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The Alternative

We view the drum volume solution in a holistic way, addressing the drums, cymbals, sticks, cymbals, tone control options, and the drummer.

Drums - Mahogany shells with a poplar core produce warm, dry tones. Wood hoops dry out the tone even further creating a softer, rounder sound with decreased hi frequencies.

When tuned low the 14” Chapel Bass Drum produces a deep low-end which is easily amplified by microphone. Because of the size of the drum, projection out into the room is less than a larger traditional sized kick. The handmade leather head absorbs some of the tones from the bass drum beater reducing the volume even more.

We recommend using brush-type sticks and our favorite are the Vater Wood Handle Whip. With wood handles, they play more like a stick than other brushes out there. Once broken in, the nylon bristles produce a softer, quieter tone and help keep things under control. They are extremely durable unlike the bundled wooden rods. The wood hoops on our drums are designed to sit low to accommodate playing with brushes and avoid the interference common with traditional hoops.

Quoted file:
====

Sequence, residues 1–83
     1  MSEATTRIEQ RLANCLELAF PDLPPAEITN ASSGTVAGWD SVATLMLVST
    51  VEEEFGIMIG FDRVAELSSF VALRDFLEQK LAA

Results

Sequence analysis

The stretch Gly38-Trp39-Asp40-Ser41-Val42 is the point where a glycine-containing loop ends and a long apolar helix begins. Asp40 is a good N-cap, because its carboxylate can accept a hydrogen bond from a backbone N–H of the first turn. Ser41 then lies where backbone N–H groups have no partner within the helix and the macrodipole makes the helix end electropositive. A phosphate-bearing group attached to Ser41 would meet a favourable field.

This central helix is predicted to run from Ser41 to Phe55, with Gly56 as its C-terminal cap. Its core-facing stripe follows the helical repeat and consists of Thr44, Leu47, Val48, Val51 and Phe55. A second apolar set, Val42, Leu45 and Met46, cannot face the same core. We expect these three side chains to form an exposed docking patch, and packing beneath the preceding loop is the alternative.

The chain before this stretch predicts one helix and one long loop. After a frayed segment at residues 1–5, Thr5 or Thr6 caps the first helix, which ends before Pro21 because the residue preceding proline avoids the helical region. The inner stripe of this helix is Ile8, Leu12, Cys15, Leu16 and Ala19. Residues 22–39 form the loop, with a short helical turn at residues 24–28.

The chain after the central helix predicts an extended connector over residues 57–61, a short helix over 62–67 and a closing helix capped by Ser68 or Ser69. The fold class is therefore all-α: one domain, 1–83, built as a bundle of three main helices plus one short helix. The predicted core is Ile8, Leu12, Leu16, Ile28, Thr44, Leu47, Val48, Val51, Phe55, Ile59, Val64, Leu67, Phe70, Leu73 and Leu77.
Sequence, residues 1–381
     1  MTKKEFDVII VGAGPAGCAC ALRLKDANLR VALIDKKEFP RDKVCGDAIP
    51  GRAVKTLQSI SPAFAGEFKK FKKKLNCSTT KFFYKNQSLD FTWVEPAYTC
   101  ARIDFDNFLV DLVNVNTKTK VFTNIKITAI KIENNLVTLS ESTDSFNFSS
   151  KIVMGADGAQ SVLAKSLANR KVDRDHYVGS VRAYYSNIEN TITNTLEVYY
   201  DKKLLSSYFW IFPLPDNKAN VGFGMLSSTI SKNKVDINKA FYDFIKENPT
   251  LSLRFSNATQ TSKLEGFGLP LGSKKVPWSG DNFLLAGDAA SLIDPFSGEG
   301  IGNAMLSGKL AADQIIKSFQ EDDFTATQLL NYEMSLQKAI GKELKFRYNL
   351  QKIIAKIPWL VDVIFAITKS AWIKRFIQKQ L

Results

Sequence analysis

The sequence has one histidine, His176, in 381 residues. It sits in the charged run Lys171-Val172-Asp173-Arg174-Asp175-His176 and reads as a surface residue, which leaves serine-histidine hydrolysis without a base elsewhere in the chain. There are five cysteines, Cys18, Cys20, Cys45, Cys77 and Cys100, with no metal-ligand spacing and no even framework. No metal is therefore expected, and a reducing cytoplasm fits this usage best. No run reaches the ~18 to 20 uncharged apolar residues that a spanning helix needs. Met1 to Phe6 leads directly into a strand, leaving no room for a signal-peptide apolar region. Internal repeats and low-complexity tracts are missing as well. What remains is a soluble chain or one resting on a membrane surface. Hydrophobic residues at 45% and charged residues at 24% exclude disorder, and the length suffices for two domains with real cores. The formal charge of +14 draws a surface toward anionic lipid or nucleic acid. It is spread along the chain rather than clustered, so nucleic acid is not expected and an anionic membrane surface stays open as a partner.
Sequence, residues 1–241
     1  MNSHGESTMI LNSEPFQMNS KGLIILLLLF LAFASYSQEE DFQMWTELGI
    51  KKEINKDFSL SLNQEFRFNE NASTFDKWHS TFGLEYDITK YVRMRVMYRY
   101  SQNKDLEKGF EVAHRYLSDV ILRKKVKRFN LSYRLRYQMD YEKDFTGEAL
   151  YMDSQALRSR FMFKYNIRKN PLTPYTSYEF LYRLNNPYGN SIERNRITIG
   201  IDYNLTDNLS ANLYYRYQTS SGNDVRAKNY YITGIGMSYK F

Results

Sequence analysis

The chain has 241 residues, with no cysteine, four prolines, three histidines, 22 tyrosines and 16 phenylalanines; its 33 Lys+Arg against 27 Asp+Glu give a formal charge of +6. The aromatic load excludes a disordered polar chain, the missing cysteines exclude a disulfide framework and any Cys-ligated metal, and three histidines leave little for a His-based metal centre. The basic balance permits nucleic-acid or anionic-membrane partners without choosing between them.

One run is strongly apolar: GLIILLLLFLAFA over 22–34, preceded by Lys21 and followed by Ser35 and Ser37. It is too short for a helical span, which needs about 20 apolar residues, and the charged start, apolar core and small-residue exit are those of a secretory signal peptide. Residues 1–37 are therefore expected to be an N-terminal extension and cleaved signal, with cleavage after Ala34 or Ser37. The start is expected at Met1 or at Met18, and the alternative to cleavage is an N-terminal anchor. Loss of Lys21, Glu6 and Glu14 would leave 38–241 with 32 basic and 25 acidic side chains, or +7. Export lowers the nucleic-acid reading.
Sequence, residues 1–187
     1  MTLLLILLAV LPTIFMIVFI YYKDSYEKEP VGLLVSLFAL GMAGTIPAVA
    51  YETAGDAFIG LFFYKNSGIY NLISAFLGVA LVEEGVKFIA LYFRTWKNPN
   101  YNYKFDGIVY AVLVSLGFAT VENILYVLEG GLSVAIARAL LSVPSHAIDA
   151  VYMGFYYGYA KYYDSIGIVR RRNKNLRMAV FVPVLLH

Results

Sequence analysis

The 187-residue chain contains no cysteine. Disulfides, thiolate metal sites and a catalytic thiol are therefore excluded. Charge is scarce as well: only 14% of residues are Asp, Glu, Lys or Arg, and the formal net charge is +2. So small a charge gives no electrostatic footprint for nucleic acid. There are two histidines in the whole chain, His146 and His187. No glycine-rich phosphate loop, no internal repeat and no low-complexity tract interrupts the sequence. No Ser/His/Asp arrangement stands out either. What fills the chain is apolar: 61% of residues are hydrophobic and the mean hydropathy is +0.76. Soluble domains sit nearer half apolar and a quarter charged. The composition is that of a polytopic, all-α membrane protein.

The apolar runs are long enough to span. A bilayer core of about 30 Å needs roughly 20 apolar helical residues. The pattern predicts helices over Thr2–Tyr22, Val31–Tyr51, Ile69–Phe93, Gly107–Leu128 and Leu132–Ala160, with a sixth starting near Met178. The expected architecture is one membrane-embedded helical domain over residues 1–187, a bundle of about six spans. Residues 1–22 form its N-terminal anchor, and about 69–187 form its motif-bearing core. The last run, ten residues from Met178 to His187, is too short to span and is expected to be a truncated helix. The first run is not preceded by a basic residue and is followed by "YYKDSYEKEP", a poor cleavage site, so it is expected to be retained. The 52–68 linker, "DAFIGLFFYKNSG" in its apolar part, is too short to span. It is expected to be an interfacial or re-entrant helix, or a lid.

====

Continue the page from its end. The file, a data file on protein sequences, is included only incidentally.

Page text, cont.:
The Djembe Snare is a highly versatile drum offering a variety of uses and playing styles. It comes standard with a removable hoop which allows for rimshots, sidesticking, and rim clicks without causing damage to the drum shell. This snare can be comfortably played by hand offering a new palette of sounds for acoustic driven worship sets and music of all kinds. With the hoop removed there is zero interference for brush-work and it is a delight to be played in this way. The Remo Mondo Djembe head can easily be replaced and requires no special tools or experience. These heads are durable and when played exclusively with brushes can handle a lot of use.

Cymbals are almost always part of the problem but rarely thought of as something that can be changed. Most store bought cymbals, especially the prepackaged sets, are small in diameter and high in pitch. These cymbals tend to be bright and resonate, continuing to ring out long after they are hit. Those higher frequencies bounce around the room (or inside the shield) and get into everything. They are pitched similarly to what we like hearing in vocal and choir mics which usually have those frequencies boosted, adding to the problem.